Photo project

Light on the Water: Amsterdam Channels in Cris Olivares’ Series

Netherlands-based photographer from Ecuador studied the channels of Amsterdam and tried to catch the play of light that occurs only several times a day.

Cris Toala OlivaresAge 33

Born in Ecuador and moved to the Netherlands at 18 to study medicine. Started his career covering conflicts in Gaza and the civil war in Bangkok. Works as an independent photographer for Reuters, National Geographic, Geo and many others. The winner of the Dutch contest Zilveren Camera in 2009 in the category of Foreign News and a prize winner in 2014 in the category Environment. In 2015, he issued his first book The Amsterdam Canals.

I first shoot the project about the Amsterdam canals for Geo and National Geographic. I was assigned this project because I was both an outsider (coming from Ecuador) and an insider after living many years in the Netherlands. In four years my project came out as a book.

A great part of my projects consists of the research I’m doing. I was walking on the street talking with tourists and asking what they see on the canals and what remains hidden from them. My second research focus was on what kind of pictures of the Amsterdam canals people have never made. I also went to the Rijskmuseum (a Netherlands national museum) and studied the paintings of old Dutch masters.

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Then I understood that because the Netherlands is a Northern country, it happens to have a very special light – you could find the same light only in Ireland and Scotland. So, in Amsterdam, something interesting happens. The light reflects off the water, then it bounces off the canal houses windows and in this way the streets get illuminated. It’s a geometry of light that happens only a couple of times a day. You have to follow this golden light and understand when exactly it appears on a particular canal.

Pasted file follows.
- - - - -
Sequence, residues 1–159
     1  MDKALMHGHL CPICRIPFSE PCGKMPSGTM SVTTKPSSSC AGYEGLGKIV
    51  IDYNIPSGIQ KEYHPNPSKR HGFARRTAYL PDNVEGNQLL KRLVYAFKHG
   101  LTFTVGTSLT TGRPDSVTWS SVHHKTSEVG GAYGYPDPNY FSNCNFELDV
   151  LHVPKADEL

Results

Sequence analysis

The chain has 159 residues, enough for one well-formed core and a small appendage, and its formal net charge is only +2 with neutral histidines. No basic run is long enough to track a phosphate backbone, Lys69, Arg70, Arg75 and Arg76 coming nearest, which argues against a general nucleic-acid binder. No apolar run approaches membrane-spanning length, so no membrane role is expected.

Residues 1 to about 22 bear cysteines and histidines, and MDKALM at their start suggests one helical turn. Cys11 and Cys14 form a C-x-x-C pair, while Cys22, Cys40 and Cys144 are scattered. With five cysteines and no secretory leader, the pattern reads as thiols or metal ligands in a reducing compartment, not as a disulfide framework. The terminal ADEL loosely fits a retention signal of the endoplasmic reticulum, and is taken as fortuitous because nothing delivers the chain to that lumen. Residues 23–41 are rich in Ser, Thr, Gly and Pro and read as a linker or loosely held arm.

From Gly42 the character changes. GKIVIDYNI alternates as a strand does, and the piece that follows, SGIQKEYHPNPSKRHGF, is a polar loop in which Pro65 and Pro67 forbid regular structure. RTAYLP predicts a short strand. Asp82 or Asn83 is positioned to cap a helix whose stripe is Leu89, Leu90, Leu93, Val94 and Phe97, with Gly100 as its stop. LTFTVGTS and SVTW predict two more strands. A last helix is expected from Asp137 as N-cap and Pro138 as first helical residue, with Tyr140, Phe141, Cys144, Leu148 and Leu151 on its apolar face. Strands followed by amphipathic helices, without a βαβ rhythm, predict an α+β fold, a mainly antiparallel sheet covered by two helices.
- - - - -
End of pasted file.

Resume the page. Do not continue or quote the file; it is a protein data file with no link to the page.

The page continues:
Amsterdammers were often calling me so I could come and shoot something interesting happening in their neighborhood.

I photographed Amsterdam from a helicopter, I dived in the canal at 5AM. Amsterdammers who knew I was doing this project were often calling me so I could come and shoot something interesting happening in their neighborhood. I’m never sending an assistant to make arrangements for me. I want people to know who’s knocking on their door, be humble and get a personal connection with them. When people see your curiosity they open their houses to you.

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I’ve seen many pictures of the Netherlands taken from above, but those were just beautiful pictures, they didn’t tell a story. There was a whole week when I studied the light that can separate the two parts of Amsterdam – the older 15th century part and the newer one that was built in the 18th century. And to tell this story I took a photo where you can see a line of light that goes through the canal Leidsegracht and separates the two parts, coloring the old part of the city in blue and the new one – in red. The light tells the story. People in Amsterdam live in an open museum – such combination of old and new is very rare.

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As a photographer you have to be a label and focus on one thing. It’s especially important for social media. I was a canal boy and a volcano man. Maybe next I’ll be a food man or someone else.

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